When Software Goes Bad, Bosses Blame Employees (If They Don’t Like Them)





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Some bosses really need perceptual training.

Screenshot by ZDNet

With the proliferation of data comes the danger of certainty.

You (think you) can always figure out why a product is selling. Or not.

You (think you) can also find out which employees are productive and which are not.

This tends to rule out another truth: the dataless subjectivity of humans.

Please forgive this philosophical rumination, but I just dove into researching great minds at the University of Calgary and the University of Pennsylvania.

Researchers were fascinated by abusive managers. The kind who gets angry when something goes wrong.

Previous research has suggested that some managers simply cannot cope with underperforming underlings. These researchers, however, questioned whether accusations of poor performance were instead affected by managers’ biased judgment of people.

They conducted two small experiments. One seemed to show that employees often thought they were more diligent than their bosses.

It was the second, however, that can make many employees and many managers (hopefully) scream in the mirror and sing. Sorry seems to be the hardest word.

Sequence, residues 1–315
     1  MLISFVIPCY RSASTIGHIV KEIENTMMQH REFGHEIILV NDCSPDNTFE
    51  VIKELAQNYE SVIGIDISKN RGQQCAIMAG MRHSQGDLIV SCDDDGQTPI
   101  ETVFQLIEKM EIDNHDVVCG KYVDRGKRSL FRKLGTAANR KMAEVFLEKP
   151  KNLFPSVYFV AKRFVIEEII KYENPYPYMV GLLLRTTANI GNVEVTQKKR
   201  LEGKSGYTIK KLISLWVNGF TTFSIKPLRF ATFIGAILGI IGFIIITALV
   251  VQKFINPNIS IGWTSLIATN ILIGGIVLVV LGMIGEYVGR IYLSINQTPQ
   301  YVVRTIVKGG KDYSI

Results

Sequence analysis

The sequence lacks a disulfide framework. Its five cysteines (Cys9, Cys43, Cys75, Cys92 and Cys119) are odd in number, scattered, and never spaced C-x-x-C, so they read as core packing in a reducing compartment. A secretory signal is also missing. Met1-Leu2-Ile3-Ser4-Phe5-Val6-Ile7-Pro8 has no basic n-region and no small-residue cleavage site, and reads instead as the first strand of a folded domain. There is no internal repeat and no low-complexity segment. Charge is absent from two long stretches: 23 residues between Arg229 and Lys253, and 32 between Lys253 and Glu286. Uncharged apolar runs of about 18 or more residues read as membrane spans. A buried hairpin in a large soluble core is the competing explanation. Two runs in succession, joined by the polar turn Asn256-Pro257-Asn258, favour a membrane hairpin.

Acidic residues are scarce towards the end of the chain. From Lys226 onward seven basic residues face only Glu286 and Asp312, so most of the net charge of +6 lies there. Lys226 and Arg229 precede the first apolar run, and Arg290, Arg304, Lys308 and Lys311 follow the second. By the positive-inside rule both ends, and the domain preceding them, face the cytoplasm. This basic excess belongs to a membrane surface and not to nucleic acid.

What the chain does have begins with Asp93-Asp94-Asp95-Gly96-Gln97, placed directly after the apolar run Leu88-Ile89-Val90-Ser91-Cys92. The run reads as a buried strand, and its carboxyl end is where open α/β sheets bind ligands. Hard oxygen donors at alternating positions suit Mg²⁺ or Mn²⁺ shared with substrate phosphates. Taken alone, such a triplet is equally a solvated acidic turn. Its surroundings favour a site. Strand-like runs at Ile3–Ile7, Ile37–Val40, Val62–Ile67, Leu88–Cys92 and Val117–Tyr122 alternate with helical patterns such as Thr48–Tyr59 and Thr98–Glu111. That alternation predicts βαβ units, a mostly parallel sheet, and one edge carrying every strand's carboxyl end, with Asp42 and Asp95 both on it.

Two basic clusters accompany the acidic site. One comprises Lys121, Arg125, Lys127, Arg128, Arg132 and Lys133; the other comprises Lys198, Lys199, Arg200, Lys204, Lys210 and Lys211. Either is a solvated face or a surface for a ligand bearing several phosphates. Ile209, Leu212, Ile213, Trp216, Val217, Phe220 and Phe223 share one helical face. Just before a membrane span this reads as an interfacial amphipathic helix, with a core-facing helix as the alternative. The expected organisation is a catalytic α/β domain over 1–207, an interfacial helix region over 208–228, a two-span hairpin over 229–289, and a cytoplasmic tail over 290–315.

This involved providing managers with various scenarios surrounding an employee’s apparent poor performance.

Say the researchers: “We then randomly assigned them to various scenarios indicating what was responsible for the poor outcome, such as the employee, a software malfunction, or both. We asked them how much of the blame they attributed to the software in relation to the employee”. .”

You’ll be amazed at the sounds of coyotes in heat when I tell you the next part.

“We found that when supervisors were told that the employee’s lack of effort and dysfunction were also responsible for the poor outcome, they always blamed the employee the most,” the researchers explain.

And there you were thinking of people. There you thought bosses are bosses for a reason and one of the reasons has to be their ability to manage well. And then you suddenly realized why you won’t get a promotion.

One more for the road, perhaps?

How about: “Our research suggests that it may be misperceptions on the part of managers that deserve more blame.”

Essentially, then, if a manager has decided that an employee is a poor performer, objective proof that an error is not the fault of the employee does not matter.

I have a theory about this.

Too often managers think someone is a bad performer simply because they don’t like them.

Personal bias is built in. It will not be easily moved. How many times is the word “like” replaced by words like “evaluate”, “respect” or even “appreciate”?

“I like the way Martin works” can, too often, simply mean “I like Martin”.

When, then, will some managers have the training to examine their personal biases? When will they be confronted with the realities that this research seems to reveal?

Or could it be that some get away with their prejudices as they rise to the top?

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